The Grail Code 
Tiffany & Co.

A few days ago I went to the big Tiffany show at the Carnegie Museum of Art, and my head is still full of dragonflies and wisteria.

Louis Comfort Tiffany was an artist to whom no medium was foreign. If you were rich, and a lot of people were in those days, you could have your whole life designed by Tiffany: Tiffany interiors to live in, Tiffany furniture to sit on, Tiffany lamps to read Tiffany books by, Tiffany jewels to wear while you read, and of course Tiffany windows with ideal landscapes in glass to compensate for the aesthetic deficiencies of the real world outside.

Like William Morris, whose name comes up in The Grail Code, Tiffany aimed at nothing less than recreating the whole world on aesthetically sound principles. Tiffany’s studios made everything from fireplace screens to wallpaper. (When I saw Tiffany’s wallpaper designs, I imagined Tiffany receiving a visit from William Morris’ thugs, who would tell him that Mr. Morris was working this side of the street and he should lay off the wallpaper if he knew what was good for him.)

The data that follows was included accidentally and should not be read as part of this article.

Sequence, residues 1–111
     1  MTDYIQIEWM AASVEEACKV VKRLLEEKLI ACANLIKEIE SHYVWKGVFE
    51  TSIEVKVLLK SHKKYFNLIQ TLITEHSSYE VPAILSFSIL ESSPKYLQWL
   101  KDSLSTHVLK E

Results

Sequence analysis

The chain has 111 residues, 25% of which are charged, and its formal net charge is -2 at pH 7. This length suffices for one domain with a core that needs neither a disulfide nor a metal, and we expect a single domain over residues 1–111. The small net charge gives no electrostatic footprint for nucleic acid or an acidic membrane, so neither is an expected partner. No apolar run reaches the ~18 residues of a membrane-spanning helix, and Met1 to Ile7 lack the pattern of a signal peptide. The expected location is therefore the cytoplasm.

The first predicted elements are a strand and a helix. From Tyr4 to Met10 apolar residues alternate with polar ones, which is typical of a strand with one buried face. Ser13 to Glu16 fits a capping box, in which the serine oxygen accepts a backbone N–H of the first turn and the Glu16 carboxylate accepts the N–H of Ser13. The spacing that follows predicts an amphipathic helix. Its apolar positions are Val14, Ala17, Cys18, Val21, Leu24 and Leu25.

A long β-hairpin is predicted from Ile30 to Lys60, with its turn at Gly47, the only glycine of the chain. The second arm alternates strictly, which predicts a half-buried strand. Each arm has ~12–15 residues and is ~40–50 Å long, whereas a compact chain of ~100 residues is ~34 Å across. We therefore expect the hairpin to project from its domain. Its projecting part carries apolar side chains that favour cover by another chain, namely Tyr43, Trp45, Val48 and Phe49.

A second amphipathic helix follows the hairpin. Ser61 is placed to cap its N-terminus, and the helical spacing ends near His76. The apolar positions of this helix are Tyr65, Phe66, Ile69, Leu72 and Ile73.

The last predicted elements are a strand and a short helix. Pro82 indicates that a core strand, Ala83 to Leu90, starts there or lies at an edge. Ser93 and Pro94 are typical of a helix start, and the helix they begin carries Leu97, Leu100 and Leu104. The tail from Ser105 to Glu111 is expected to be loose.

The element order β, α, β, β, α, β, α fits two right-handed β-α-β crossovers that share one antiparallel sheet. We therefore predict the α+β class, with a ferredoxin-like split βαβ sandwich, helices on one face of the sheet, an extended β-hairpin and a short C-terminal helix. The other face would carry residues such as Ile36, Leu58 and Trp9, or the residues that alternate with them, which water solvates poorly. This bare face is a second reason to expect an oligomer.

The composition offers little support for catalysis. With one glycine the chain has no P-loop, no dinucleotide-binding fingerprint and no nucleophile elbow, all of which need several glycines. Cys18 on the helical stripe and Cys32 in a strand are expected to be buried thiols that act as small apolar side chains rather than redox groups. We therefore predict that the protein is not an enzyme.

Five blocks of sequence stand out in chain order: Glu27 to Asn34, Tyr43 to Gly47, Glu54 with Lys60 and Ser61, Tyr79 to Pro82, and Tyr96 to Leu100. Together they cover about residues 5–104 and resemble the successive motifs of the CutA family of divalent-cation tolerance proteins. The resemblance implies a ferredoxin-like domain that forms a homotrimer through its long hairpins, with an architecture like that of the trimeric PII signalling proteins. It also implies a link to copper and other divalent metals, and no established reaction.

But in spite of the superficial similarities, there are deep differences between Morris and Tiffany. We can see those differences right away in the way they approached the art of stained glass.

William Morris aimed at reviving the lost craftsmanship of the Middle Ages. He developed his own distinctive style, but always based on the best medieval models.

Tiffany, on the other hand, was proud of making a deliberate break with the past. He declared that he had invented something new. Where the old craftsmen had practiced “painting on glass,” Tiffany was “painting with glass.” He developed an amazing array of glassmaking tricks to give him different visual effects, and he layered different textures to create mesmerizing effects of movement that hardly seem possible in a stationary work of art.

Where Morris studied the great art of the past, Tiffany devoted himself to nature. He was an expert photographer (at a time when handling a camera at all was a considerable accomplishment), and he used his skills to make detailed studies of insects, leaves, flowers, and other natural objects that could be turned into ornaments.

The Carnegie Museum of Natural History’s entomology department has provided a case with dozens of dragonfly specimens, and by comparing them to Tiffany’s famous lamps we can see that he observed the tiniest details. Every segment of the tail, every vein in the wings is accurately translated into glass.

It seems that Tiffany had little interest in allegory, which makes him an odd character to be popping up in a site dedicated to the Holy Grail.